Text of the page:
Meeting new people has never been a problem for me. But when I arrived in the parking lot of the first community, I found myself very nervous. I spent many hours on the Internet looking for the right questions to ask, the right people to meet, what safety metrics to ask about, etc. I met with the admissions director, took a tour and was back in my car 60 minutes later. I saw the entire community and even met a few of the staff members. I still had no idea of why that community was better or worse than any of the several I was planning to visit.

While I summarized our plan in the last blog, it makes sense to add more detail regarding the people you need to meet during each of your initial community visits. Your first community visit will be overwhelming. Assisted living is just like any other business. In the world of assisted living, beds are products and the goal of the admissions department is to sell that product.

Unless you arrive prepared, you’ll leave with nothing but a sense of completion and a shiny new brochure. What you won’t leave with is any useful information that will help you either eliminate that community from contention or move it on to the next round of consideration.

Try visiting during the week so you can get a feel for the full staff level. When you visit your short-list a second time, you can validate the weekend team.

Who You Need To Meet

When you set up your appointment, make it clear to the admissions representative that you’d like to meet with several members of the staff. I’ve listed below the ones I believe are crucial to meet on your first visit.

Admissions director: The admissions director will likely be your primary contact at the community. At many communities, this person is also responsible for sales and marketing. As such, you should expect an upbeat conversation with little or no negativity. The admission director’s primary role is to fill the beds (product) in the community, but they more than likely care a great deal for the people they place in the community. That being said, expect to get the pros, but not a complete picture of the cons during your discussion. I do recommend that you leverage this person’s knowledge of the staff to learn more about their backgrounds.

Activities director: The job of the activities director is to provide entertaining and stimulating activities for the residents. The demeanor and attitude of this person is tremendously important. Their patience, creativity and tenderness can make a world of difference in residents’ daily lives. Find a grumpy one, and your loved one could be looking at days of old movies and bus rides. The following chapter discusses the right way to implement an activities program.

Registered nurse: Assisted living communities are not required by law in all states to have a registered nurse (RN) on staff during some portion of the day. The RN will likely be the one to follow up with your doctor if your loved one is not feeling well, and they’ll also be the one to call an ambulance. Spend some time with the RN to clearly understand his/her hours. Get a feel for their philosophy. At all costs, avoid those who have that “tough it out” attitude.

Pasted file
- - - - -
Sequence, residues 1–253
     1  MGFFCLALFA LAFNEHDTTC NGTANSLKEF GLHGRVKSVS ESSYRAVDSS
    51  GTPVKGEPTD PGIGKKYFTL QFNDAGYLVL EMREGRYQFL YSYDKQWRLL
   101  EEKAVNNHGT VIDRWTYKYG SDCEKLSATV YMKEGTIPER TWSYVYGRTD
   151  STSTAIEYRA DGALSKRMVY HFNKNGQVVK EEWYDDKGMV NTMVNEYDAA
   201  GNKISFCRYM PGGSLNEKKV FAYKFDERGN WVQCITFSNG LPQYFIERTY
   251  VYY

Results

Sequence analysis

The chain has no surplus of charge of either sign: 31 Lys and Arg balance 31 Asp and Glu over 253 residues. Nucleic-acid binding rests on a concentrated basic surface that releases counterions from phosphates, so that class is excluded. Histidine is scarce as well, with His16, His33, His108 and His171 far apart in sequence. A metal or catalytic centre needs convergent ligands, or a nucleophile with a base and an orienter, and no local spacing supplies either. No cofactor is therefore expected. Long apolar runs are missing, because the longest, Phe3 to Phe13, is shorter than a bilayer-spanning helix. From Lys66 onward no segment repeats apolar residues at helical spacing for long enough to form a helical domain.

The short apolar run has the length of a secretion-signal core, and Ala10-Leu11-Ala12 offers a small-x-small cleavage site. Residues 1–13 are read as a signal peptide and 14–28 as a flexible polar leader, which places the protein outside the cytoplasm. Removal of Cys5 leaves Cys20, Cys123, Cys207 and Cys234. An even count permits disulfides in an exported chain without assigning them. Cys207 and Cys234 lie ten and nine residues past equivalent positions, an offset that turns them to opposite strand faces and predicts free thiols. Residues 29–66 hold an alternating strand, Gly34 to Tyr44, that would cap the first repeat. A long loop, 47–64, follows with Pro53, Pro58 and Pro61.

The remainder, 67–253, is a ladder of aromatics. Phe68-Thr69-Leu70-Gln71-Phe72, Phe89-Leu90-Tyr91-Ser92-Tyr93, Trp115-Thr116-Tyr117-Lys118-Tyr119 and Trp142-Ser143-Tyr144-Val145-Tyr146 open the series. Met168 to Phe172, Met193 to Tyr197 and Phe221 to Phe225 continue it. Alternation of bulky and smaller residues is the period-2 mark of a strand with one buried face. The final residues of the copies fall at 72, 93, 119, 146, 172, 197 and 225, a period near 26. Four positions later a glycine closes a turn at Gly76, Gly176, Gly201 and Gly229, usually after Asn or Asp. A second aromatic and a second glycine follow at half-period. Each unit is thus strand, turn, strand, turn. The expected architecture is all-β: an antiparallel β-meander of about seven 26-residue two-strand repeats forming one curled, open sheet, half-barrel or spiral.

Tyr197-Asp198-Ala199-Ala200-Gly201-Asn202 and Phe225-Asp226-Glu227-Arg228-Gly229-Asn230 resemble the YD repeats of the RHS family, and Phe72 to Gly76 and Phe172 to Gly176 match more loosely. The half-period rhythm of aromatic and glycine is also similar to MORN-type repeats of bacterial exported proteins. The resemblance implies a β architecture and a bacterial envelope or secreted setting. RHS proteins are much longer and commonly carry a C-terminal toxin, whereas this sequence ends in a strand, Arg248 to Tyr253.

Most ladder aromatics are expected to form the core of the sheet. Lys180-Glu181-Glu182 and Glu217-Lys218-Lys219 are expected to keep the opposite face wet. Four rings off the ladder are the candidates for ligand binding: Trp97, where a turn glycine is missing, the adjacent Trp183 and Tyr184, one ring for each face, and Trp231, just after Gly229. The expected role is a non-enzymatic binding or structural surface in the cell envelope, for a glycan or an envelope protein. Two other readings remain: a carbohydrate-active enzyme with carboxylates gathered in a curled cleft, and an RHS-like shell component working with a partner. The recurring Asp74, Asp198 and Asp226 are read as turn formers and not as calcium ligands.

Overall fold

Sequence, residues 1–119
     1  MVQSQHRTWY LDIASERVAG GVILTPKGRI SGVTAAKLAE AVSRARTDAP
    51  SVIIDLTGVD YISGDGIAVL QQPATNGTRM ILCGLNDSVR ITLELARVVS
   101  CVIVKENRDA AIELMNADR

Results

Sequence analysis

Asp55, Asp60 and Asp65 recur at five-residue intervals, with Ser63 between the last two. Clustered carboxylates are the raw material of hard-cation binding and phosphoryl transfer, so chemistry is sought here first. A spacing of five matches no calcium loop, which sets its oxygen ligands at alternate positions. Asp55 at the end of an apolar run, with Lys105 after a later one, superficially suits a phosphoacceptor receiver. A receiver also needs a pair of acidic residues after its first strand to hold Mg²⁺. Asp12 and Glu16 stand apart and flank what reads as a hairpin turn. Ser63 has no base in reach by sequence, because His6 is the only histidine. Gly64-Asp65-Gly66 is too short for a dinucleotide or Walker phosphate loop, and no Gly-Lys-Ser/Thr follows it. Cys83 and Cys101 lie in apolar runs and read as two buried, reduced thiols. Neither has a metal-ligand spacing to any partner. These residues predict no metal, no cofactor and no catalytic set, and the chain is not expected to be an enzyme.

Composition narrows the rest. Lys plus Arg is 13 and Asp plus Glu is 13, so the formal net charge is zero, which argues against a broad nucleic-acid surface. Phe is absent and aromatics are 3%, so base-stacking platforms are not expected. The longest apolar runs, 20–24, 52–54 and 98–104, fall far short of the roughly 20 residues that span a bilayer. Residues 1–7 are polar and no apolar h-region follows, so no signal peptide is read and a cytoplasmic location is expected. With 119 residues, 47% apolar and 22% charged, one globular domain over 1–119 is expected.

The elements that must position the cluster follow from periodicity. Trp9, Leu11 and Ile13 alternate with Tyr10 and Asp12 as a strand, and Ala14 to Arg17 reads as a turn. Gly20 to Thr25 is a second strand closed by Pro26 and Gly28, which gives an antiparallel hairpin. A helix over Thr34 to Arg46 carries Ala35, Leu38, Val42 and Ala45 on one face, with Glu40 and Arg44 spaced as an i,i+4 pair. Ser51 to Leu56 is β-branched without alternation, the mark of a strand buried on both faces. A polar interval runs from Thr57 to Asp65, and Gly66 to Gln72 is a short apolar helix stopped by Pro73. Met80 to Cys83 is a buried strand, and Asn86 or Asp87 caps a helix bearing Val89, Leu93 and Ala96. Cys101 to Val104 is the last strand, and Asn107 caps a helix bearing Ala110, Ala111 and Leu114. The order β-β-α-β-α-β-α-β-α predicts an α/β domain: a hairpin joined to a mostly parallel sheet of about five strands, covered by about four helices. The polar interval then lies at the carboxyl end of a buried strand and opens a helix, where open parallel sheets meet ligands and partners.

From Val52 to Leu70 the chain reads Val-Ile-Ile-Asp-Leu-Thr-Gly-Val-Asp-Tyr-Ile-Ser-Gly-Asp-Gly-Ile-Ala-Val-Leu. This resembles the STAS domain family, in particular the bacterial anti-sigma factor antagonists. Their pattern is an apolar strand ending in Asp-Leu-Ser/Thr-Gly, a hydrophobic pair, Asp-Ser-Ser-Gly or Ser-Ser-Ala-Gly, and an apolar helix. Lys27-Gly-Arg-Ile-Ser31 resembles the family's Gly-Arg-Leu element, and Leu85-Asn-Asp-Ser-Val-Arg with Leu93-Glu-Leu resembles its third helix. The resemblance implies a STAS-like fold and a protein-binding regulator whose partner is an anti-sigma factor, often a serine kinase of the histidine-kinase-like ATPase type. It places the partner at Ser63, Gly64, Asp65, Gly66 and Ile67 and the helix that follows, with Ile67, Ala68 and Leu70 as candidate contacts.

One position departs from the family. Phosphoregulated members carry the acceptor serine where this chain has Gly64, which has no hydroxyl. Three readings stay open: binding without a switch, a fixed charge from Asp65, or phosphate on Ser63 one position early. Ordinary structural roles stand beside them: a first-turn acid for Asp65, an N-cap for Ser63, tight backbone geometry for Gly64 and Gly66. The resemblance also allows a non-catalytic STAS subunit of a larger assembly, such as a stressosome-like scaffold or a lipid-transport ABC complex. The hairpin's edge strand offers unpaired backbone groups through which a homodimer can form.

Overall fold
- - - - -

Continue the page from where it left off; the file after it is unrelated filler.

Medication manager: The medication manager (also called a “med-tech”) is responsible for getting all medications to your family member on schedule. In assisted living, residents are usually not allowed to keep medications in their rooms – over-the-counter or prescription. Spend some time with the medication manager to understand their experience and communication skills. Make sure the night shift med-techs have the same training and language skills as the day shift.

Physical therapist: Depending on your family member’s ambulatory skills, the physical therapist may, or may not be, of value. Aside from my mom herself, the physical therapist had the most impact on her recovery and ongoing mobility.

Most communities have a therapy room, and you should visit it. If you time your visit in the morning or early afternoon, you’ll likely get to see the therapist with one of the residents. Speak to the therapist to get a feel for the experience they have working with seniors. If you family member has a specific condition, make sure they have successfully worked with that condition. In the case of my mom, it was important the therapist have experience helping stroke victims learn to walk.

Head chef: The head chef is responsible for planning the menu and managing the chefs who cook it. Look at the menu and ask how they plan for sodium, cholesterol and sugar-restricted diets. It always struck me as odd that with many older people suffering from heart disease and diabetes that chefs would serve food that I wouldn’t eat myself.

Executive director: The executive director has ultimate authority over all aspects of the community. They are also the one responsible for passing on and maintaining records for state health inspections. The executive director should have a deep and profound connection to helping the residents. You’ll run across executive directors that are all business. While it’s obviously important to take a business approach to the community, make sure this demeanor doesn’t come at the expense of the patience and compassion required to make the residents happy.

Don’t Forget the Residents

The biggest barometer of a community is the residents themselves. Pay close attention to the way residents interact with each other and with other residents. If you notice a group of residents in front of the TV with no real engagement in the show, ask questions. This could be a sign of a disengaged activities director.

It is also perfectly reasonable for you to speak to the residents. As I mentioned, you’re unlikely to get honest answers about the quality of the community. In fact my mom has told me on several occasions that residents feel pressure (perceived or not) to not speak negatively about the community. So, take their words to heart, but with that proverbial “grain of salt.”

Photo credit: Sahaja Meditation